Insert Name Here: Watching a TV Studio Recording

Video camera lensI don’t really know much about the world of working in telly, beyond what goes on at New Broadcasting House, the home of BBC News.

For Christmas last month I was given a book – ‘1000 things to do in London for under £10’ and I have made it my aim to do a large number of those things in London over the course of 2016.

The first of my list has been done: I have now been in the audience for a TV programme. Through the SRO Audiences website I applied for a free ticket to see the recording of Insert Name Here, which is a new comedy/panel programme airing on BBC 2 at the moment.

The venue was the Pinewood Studios complex, located near Iver in Buckinghamshire – its just outside the M25, near where London’s orbital motorway is met by the M40.

So it’s not actually in London at all – but since the studios are just a few minutes away from the Greater London area and from Uxbridge tube station, I’ll count this as something I’ve done in ‘London’ this year.

Driving in to the heart of the London commuter belt at rush hour is not something I advise; I chose to make the journey earlier in the day and had a long, late lunch at a nearby pub just a couple of miles from the studios. This meant I was clear of the M4 and Slough/Langley before traffic had a chance to build up.

On arrival at the studios I was directed to a marquee beside the car park where I was given my wristband and my name ticked off on the list. Before long we were called through to the studio to take our seats. In the cold weather it was a long walk to the studio doors!

Once the audience is seated someone comes on stage to ‘warm the audience up’; I guess it may have been a member of the production team in some capacity but I wouldn’t know.

He spent quite a bit of time mocking some audience members, playing “guess the name of the book the lady at the back is reading” and getting members of the audience to make suggestions as to what the name of someone sitting at the front was.

Then the actual event starts: host Sue Perkins arrives and takes her seat; she then introduces the panelists – among them this week was Paul Hollywood (was that his Aston Martin Vantage parked outside? I walked to within touching distance of it!) – and then before the recording itself starts the’s time for the final touches to the stars’ make up. Then Sue has to introduce all the panelists all over again, just for the TV viewers.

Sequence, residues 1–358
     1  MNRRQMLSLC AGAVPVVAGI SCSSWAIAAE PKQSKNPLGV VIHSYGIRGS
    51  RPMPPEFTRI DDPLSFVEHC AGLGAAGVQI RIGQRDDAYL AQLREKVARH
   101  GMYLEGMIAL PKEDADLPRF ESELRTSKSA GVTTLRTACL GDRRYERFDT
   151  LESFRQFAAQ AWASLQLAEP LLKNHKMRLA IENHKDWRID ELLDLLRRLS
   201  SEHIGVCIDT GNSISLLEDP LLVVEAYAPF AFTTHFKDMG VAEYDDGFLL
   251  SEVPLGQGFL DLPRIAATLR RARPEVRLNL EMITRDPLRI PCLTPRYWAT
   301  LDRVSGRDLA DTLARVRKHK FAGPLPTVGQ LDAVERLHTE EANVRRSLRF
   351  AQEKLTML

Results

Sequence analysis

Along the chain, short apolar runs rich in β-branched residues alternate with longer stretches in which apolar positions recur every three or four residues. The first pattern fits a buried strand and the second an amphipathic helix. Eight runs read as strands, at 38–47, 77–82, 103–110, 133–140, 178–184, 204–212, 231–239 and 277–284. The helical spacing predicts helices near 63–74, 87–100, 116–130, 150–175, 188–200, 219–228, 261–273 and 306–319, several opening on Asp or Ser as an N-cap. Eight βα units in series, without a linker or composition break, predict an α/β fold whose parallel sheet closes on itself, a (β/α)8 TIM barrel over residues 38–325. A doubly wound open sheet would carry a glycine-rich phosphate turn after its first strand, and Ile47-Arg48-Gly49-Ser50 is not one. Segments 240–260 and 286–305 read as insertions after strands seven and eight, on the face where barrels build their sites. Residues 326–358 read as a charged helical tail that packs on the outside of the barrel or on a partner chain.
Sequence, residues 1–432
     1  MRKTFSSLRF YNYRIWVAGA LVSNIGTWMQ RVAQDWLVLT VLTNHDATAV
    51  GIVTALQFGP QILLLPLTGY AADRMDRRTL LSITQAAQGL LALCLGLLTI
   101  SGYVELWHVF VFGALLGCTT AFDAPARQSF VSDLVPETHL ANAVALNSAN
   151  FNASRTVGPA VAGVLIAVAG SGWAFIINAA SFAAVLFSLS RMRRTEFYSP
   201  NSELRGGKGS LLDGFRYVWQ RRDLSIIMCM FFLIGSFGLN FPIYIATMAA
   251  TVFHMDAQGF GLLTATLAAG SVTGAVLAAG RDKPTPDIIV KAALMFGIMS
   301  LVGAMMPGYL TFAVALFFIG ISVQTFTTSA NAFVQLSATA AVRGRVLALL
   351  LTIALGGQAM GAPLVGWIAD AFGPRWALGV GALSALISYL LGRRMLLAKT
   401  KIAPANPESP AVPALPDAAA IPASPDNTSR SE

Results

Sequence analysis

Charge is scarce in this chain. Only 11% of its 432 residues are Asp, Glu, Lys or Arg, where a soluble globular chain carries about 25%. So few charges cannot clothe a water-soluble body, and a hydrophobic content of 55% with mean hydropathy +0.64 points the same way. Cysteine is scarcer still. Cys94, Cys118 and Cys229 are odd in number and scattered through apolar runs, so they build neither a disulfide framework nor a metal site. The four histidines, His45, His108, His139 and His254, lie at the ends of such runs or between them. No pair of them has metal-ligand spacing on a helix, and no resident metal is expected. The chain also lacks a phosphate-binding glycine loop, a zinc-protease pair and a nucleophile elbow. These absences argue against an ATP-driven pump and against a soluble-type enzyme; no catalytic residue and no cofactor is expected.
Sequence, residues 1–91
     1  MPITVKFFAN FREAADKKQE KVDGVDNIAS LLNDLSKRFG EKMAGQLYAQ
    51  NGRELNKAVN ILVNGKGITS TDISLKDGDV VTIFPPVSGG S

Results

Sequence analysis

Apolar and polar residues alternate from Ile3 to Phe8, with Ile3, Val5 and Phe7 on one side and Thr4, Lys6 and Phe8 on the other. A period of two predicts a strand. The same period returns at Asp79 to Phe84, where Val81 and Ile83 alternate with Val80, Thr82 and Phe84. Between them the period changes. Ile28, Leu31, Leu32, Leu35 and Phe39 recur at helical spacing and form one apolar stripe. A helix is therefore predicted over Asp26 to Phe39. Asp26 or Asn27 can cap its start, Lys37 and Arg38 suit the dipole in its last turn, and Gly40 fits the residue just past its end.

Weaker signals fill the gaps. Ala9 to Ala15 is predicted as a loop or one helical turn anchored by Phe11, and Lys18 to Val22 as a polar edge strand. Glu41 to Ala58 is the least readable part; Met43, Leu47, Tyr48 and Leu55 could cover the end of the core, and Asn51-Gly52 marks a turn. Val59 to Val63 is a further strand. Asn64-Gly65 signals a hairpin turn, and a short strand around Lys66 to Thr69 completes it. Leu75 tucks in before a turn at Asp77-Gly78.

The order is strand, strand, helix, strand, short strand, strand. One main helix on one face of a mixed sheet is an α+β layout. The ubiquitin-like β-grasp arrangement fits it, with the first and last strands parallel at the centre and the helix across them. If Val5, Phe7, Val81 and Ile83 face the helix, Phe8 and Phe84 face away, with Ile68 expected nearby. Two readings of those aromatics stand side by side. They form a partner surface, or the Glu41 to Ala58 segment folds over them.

You would probably be aware that these sorts of TV shows – all the panel shows like Mock the Week, HIGNFY etc. all take a long time to record. The 30 minutes you see on TV are only the very best material.

In this particular case, Round 1 took 90 minutes to record; then after a short 5 minute break (more make up for the stars) rounds 2 and 3 combined took around 45 minutes. So there’s a lot which doesn’t make the final cut.

Even when the recording is finished, the night is not over. The Producers in the gallery take a few minutes to review footage (I assume); while all this is going on the stars on stage will be talking amongst themselves, making jokes; then the director will talk in to Sue’s ear to tell her what retakes need to be done.

The retakes will be parts where Sue fluffed her lines (her parts are scripted); or getting the panelists to say a certain line again, or word it slightly differently, or use a different tone of voice to what they originally did. Sue’s the only one with an earpiece so its her job to tell Josh, or Richard, etc. what they’ve got to do.

Once that’s out the way a couple of final tasks: record the trail. That preview you get saying “tune in tomorrow at 10” doesn’t make itself you know – and there’s a couple of different versions to record. This is all done in front of the audience.

As the photographer moves in to take the photo to be used on the website and on iPlayer, the all clear is given meaning the cameras are safely stowed and the audience is free to leave.

Nearly 4 hours after arriving, I headed back to the car, de-iced and made my journey back home to Gloucestershire.

It was a late night, as I did not get back home until after midnight; but great fun.

I absolutely must watch the final episode in the series!

Good night,

FH.

Fred Hart

Stock Controller and Radio Presenter/Producer

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